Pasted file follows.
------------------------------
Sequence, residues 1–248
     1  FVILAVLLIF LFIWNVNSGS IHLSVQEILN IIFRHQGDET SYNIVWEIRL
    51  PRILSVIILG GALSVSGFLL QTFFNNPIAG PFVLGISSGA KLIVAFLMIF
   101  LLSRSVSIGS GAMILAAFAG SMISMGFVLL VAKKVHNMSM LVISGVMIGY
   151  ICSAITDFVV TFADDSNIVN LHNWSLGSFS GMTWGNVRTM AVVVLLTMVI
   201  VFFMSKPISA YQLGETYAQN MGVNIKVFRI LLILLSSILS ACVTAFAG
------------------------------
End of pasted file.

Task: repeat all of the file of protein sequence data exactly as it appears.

Sequence, residues 1–248
     1  FVILAVLLIF LFIWNVNSGS IHLSVQEILN IIFRHQGDET SYNIVWEIRL
    51  PRILSVIILG GALSVSGFLL QTFFNNPIAG PFVLGISSGA KLIVAFLMIF
   101  LLSRSVSIGS GAMILAAFAG SMISMGFVLL VAKKVHNMSM LVISGVMIGY
   151  ICSAITDFVV TFADDSNIVN LHNWSLGSFS GMTWGNVRTM AVVVLLTMVI
   201  VFFMSKPISA YQLGETYAQN MGVNIKVFRI LLILLSSILS ACVTAFAG